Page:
The Bloody Man (2020)

Directed by Daniel Benedict (Bunni), who co-wrote the script with Casi Clark (they also worked on a short called Fall of Grayskull), The Bloody Man is an attempt to bring back the warm and gushy feelings of 80s horror. It stars Tuesday Knight (Kristen Parker in A Nightmare on Elm Street 4: The Dream Master) and Lisa Wilcox (Alice Johnson in A Nightmare on Elm Street 4: The Dream Master and A Nightmare on Elm Street 5: The Dream Child) to help you make that connection.

After the death of his mother, Sam (David Daniel) is having issues with his family, his friends, the bullies at his school, and most of all, the horrific Bloody Man, the comic book character that sustains him through bullying. In fact, his mother (Wilcox) gave him a Bloody Man action figure the very day she died in a car accident.

He also has to deal with Kim (Knight), his new stepmother, who he believes is slowly becoming possessed by his comic book antihero, an event that brings together his fractured family.

Between lengthy comic book animatics and plotting that keeps reminding us that Sam is being bullied at home and in school more than several times, the film drags at times. The closing — where the Bloody Man begins to imitate others — has some good tension, but it takes around two hours (!) to get there. That said, it’s fun seeing all the 80s toys and AEW/ROH wrestler Brian Cage as a copyright skirting He-Man character in a brief cameo (probably pulled from the aforementioned Fall of Grayskull short).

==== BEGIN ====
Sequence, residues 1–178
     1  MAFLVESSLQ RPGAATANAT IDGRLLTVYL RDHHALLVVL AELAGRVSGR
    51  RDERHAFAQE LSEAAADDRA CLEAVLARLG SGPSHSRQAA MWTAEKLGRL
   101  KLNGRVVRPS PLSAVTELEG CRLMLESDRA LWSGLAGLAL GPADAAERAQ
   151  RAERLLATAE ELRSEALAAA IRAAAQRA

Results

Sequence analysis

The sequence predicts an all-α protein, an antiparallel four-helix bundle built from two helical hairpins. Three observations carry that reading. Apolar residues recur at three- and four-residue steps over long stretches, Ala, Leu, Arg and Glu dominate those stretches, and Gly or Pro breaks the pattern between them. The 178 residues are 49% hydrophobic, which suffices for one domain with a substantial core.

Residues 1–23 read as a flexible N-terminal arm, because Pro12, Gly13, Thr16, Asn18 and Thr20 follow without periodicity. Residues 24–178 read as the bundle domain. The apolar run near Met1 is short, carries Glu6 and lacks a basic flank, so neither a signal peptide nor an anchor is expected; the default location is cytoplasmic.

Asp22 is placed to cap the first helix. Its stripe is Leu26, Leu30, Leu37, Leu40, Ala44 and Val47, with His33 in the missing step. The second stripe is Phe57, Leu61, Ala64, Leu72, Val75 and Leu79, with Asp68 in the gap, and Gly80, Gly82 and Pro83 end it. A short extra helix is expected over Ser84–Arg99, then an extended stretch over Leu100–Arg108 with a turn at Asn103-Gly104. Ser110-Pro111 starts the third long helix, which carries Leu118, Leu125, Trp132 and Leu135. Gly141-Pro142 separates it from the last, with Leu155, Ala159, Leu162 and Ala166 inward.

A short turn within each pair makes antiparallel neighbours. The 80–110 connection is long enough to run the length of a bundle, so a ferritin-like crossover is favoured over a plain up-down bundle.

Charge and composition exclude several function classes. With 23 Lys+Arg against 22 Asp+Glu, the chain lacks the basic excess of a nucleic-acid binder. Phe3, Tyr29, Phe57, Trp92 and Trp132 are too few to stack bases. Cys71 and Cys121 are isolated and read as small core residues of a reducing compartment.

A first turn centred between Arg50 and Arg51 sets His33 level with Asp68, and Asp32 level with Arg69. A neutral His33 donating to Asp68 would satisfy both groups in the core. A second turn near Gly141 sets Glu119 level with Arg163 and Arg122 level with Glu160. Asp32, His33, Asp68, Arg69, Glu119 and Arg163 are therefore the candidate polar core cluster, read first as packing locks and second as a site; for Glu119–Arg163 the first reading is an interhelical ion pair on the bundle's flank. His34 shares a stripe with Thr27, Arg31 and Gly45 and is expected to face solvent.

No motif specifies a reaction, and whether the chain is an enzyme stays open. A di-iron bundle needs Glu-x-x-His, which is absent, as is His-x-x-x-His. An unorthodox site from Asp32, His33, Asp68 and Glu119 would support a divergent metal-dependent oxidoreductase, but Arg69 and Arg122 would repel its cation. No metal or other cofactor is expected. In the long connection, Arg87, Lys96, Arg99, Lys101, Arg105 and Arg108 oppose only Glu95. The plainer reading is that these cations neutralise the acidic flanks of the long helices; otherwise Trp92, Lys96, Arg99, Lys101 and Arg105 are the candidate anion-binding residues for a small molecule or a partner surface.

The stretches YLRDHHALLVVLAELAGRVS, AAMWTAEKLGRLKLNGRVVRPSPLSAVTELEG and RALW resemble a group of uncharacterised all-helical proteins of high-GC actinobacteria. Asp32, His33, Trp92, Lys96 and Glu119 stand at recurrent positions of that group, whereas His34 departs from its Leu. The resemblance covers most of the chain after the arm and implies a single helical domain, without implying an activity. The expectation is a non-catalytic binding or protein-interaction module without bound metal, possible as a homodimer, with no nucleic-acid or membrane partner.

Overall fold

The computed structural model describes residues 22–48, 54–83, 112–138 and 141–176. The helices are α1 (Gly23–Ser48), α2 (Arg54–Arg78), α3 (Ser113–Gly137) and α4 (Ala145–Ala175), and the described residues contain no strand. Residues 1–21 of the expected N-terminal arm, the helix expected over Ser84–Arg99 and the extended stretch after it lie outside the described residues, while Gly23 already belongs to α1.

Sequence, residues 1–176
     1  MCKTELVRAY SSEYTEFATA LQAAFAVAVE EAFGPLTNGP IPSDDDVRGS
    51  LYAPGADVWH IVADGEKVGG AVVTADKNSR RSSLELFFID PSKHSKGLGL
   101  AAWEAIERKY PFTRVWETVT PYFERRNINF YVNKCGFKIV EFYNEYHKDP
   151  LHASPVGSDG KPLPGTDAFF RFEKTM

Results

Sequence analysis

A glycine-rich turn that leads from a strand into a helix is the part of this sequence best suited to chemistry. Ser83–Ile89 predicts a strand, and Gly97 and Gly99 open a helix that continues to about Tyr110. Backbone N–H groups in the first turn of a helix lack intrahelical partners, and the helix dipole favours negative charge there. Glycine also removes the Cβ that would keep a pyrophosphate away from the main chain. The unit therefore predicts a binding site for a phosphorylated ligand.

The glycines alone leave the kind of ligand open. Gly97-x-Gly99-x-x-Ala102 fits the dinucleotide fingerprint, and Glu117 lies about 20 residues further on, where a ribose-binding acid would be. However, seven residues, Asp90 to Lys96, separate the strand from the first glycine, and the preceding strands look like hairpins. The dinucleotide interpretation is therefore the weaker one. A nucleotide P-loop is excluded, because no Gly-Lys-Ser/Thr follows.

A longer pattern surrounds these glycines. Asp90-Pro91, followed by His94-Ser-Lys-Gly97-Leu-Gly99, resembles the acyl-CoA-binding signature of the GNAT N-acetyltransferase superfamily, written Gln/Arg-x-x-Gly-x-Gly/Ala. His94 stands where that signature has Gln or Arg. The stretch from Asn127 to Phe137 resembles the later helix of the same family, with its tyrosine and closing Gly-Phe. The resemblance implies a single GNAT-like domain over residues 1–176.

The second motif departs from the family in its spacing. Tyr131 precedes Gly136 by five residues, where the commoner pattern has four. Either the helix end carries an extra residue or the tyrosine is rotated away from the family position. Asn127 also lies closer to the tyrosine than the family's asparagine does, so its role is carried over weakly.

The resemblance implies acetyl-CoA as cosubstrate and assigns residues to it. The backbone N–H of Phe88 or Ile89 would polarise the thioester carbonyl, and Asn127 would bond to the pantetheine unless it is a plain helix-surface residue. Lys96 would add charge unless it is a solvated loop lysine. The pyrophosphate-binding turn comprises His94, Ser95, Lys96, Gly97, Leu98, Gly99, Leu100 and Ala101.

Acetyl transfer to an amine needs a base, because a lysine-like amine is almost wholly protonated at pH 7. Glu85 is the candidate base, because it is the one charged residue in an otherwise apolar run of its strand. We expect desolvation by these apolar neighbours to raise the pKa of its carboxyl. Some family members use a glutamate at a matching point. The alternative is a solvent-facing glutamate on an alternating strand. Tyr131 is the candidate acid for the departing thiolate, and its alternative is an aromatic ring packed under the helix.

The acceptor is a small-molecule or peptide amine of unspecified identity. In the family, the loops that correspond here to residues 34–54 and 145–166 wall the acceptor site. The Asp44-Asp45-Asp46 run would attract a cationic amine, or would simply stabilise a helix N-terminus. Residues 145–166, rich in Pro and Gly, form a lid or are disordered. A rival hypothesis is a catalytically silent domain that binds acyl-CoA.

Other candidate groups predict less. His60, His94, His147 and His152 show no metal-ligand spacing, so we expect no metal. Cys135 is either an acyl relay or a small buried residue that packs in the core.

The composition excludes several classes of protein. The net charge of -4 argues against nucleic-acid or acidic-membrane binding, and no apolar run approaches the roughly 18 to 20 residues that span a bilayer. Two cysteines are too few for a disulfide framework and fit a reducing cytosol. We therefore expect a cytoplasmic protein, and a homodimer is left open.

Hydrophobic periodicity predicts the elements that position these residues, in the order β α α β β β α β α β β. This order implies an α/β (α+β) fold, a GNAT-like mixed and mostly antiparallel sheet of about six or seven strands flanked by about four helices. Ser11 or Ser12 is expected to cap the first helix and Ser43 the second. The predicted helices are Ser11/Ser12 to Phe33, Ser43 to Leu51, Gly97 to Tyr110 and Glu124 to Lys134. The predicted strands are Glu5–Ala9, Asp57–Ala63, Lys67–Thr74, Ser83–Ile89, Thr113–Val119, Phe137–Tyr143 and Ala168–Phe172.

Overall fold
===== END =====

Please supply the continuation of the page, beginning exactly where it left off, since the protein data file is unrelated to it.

The Hold Steady may have sung, “I’ve survived the 80’s one time already and I don’t recall it all that fondly,” but it seems that so many films want to live in the past — trust me, I get it, slashers after 1983 are really hard for me to hold in any regard — versus moving toward the future. And the more you make a teen horror film with synth and blue/red gel lighting — well, at least on the poster — the more you’re going to get compared to Stranger Things than The Monster Squad.

That said — I did like The Lost Boys reference by calling the brothers Sam and Michael. With some pruning toward how much is in here, this would be a fine feature. As it is now, it’s not bad, but it does drag a bit before redeeming itself with a fun conclusion.

The Bloody Man is available on digital and VOD platforms now with a DVD release coming later in the year from Wild Eye.

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